2Verified by Satellites
MIDAS researchers stated that the fraction was detected by MODIS, which is a NASA satellite instrument.
MODIS is on the Aqua satellite. The break was confirmed by a second NASA satellite before being detected by The European Space Agency.
The Washington Post reported that the iceberg is so large, if added to the ocean, it would cause global sea levels to rise 3 mm.
The BBC reported that the massive iceberg is one-quarter the size of Wales. The U.S. satellite that observed the ice split was passing over the Larsen C Ice Shelf region.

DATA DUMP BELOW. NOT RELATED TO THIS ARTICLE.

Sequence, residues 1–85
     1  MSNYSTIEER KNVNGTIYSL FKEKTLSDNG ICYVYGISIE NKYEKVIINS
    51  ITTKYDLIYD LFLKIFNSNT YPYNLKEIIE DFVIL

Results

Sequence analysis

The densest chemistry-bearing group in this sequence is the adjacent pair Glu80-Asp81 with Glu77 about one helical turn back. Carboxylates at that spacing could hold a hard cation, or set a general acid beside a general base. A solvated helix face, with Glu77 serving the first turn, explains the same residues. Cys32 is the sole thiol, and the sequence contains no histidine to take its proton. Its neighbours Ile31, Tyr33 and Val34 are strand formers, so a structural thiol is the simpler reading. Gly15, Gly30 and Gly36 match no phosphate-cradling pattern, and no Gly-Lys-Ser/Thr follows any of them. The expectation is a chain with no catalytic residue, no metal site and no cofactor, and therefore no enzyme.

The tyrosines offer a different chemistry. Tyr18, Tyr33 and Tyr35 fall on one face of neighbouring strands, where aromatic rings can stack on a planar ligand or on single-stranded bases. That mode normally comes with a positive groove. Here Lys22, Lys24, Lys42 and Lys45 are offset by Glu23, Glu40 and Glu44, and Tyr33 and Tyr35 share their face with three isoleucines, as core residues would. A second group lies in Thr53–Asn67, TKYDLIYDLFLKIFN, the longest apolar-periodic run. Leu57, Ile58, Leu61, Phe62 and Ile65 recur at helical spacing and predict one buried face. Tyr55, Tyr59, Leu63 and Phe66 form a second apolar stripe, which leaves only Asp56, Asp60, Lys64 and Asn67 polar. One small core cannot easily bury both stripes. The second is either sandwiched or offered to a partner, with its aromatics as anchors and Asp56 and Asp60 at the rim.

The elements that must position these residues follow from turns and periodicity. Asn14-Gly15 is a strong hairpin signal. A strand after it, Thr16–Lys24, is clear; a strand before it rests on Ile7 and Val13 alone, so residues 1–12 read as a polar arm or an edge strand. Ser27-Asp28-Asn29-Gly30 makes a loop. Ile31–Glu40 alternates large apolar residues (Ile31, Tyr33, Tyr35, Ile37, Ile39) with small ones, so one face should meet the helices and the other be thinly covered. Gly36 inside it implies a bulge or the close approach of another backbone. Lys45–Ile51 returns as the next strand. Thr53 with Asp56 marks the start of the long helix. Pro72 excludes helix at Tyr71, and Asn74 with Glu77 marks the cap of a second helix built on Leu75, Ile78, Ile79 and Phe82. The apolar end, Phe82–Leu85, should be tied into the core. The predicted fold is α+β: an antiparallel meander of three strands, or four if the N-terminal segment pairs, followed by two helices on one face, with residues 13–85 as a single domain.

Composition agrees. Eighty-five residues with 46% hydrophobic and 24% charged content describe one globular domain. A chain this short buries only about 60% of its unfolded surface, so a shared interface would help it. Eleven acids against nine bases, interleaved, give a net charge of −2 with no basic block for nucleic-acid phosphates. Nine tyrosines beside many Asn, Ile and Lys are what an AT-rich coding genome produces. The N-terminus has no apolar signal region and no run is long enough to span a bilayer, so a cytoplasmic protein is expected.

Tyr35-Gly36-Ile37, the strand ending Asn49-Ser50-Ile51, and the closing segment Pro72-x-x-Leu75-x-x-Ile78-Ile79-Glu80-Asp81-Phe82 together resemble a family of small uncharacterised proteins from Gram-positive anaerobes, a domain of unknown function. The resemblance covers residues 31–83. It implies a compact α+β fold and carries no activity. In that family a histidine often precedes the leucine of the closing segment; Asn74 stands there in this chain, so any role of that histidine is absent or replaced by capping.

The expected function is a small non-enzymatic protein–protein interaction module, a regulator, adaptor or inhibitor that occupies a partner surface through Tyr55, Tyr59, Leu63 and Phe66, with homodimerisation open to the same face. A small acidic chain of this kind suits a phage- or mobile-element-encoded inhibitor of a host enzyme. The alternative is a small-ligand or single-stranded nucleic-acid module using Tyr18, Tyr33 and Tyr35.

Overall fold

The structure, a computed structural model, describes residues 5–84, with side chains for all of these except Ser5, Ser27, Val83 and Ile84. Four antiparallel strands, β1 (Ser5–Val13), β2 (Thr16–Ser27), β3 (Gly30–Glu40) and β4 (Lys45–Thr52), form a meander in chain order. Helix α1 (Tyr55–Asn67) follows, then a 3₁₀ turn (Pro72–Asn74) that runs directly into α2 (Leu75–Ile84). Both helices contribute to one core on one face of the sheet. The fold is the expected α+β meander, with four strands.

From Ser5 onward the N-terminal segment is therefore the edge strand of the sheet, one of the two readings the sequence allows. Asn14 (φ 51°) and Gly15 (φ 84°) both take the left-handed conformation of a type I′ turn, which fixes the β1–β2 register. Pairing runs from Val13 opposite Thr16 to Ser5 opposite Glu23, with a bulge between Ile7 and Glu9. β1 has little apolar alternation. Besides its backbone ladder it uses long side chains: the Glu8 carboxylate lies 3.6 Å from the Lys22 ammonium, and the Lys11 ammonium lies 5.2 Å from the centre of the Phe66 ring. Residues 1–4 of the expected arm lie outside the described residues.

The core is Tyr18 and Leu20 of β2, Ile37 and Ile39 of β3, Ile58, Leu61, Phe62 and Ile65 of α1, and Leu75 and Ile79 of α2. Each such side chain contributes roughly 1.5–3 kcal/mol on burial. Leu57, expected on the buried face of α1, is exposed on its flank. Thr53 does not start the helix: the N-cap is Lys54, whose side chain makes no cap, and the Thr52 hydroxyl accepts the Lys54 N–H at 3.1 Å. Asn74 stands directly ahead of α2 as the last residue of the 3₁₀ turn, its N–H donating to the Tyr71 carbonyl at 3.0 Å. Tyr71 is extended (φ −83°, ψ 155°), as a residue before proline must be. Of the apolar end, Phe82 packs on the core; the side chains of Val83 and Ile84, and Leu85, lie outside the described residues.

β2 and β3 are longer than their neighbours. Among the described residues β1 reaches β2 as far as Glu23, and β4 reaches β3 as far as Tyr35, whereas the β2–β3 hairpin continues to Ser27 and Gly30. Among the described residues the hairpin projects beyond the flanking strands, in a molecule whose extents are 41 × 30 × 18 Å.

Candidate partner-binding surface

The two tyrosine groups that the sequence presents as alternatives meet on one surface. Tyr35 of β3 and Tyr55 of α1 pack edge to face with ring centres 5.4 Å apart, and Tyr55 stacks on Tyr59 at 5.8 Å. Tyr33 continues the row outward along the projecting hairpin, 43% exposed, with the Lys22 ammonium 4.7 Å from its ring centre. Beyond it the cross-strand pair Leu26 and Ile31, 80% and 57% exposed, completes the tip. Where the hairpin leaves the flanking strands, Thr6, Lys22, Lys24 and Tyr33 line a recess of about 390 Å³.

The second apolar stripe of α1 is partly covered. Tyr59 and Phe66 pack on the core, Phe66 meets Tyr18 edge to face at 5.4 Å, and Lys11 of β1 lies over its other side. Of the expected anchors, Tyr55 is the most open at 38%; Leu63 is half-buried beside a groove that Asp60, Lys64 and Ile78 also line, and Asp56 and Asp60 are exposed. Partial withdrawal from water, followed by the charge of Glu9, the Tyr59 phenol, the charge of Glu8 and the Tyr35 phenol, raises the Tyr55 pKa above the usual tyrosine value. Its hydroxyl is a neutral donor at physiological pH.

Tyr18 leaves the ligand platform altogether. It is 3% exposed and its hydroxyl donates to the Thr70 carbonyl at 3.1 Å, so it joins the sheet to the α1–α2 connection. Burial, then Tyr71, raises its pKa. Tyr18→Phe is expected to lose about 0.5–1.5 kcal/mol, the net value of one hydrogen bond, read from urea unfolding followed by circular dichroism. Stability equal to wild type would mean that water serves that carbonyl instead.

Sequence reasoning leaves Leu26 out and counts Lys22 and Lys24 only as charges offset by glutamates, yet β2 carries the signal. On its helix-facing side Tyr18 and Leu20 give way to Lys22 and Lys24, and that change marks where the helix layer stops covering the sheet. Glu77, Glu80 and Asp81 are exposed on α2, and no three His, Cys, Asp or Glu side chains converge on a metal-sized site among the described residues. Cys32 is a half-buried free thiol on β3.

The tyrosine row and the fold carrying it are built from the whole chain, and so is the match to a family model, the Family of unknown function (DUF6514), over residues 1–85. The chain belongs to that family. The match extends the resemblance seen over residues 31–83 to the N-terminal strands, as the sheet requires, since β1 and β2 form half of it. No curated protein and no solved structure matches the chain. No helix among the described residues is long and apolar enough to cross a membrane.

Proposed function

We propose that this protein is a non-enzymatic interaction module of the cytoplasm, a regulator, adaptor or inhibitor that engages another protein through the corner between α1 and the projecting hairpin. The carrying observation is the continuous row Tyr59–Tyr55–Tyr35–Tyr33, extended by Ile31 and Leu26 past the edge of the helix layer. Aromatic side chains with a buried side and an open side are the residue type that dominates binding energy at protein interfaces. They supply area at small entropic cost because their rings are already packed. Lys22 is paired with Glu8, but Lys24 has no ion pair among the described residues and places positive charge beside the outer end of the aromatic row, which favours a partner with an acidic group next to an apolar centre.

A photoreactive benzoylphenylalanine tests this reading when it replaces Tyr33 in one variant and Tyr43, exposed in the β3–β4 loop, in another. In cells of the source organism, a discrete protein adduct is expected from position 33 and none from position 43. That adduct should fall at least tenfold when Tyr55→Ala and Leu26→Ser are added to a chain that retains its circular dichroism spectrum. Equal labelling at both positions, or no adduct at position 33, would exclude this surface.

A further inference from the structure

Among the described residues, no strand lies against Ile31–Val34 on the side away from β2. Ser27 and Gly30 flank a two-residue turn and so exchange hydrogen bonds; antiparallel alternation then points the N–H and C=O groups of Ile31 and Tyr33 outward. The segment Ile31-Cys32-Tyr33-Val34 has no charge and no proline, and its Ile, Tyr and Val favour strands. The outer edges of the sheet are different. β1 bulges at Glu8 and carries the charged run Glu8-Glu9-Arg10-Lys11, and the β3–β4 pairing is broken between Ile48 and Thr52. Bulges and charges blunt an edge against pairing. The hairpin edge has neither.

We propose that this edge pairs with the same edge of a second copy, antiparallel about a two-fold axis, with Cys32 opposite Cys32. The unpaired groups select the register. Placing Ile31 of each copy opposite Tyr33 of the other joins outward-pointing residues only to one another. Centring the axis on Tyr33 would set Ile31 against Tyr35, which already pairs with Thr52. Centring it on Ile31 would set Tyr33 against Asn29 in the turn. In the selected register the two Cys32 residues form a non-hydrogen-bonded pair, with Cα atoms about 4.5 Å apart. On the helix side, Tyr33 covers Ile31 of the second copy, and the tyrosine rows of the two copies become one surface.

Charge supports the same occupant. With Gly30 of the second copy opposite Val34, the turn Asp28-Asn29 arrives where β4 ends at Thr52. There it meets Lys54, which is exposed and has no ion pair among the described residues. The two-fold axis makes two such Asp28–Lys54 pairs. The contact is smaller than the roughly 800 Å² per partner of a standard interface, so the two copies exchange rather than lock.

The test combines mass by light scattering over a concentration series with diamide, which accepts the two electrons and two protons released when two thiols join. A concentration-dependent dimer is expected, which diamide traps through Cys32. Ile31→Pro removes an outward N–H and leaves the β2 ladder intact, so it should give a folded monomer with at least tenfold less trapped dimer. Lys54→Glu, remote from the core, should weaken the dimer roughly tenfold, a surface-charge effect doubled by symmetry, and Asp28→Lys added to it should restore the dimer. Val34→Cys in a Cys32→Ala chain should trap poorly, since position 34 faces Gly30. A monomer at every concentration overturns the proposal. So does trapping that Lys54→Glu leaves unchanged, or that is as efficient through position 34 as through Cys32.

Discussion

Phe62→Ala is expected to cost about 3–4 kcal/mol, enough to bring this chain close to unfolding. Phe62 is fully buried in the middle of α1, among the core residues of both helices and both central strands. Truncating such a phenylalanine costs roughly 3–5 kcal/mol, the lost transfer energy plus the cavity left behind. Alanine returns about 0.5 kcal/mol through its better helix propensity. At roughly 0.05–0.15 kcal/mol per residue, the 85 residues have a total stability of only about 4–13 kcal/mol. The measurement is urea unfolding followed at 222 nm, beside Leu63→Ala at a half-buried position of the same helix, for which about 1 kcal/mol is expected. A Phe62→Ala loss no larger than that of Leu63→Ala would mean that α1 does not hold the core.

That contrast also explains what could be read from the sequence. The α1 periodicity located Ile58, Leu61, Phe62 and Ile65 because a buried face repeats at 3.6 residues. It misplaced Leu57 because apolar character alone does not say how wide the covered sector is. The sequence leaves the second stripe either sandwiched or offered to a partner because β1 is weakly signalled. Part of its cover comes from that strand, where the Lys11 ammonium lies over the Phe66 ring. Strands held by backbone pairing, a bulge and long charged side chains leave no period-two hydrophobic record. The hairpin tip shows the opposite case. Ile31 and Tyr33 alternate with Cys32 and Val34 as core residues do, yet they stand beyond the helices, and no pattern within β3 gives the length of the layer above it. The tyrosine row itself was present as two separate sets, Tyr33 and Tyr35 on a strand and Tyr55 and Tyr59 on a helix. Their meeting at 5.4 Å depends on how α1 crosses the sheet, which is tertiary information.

The scientific community has been tracking an Antarctic crack for over 10 years, therefore, they were expecting the geological development.
The progression of the rift began to rapidly increase speed in 2014. The possibility of forthcoming calving became even more probable.
The BBC reported that the ultra large berg will not move far or fast in the near future. It will still need to be watched closely. Additionally, if the winds and currents push it north of Antarctica it could become a threat to the shipping industry.
The Aqua satellite detected an obvious rift between the sheet of ice and the shelf. The water is warmer than the surrounding ice and air, which are both sub-zero.
The event was then confirmed by other spacecraft, including Sentinel-1, the European satellite-radar system.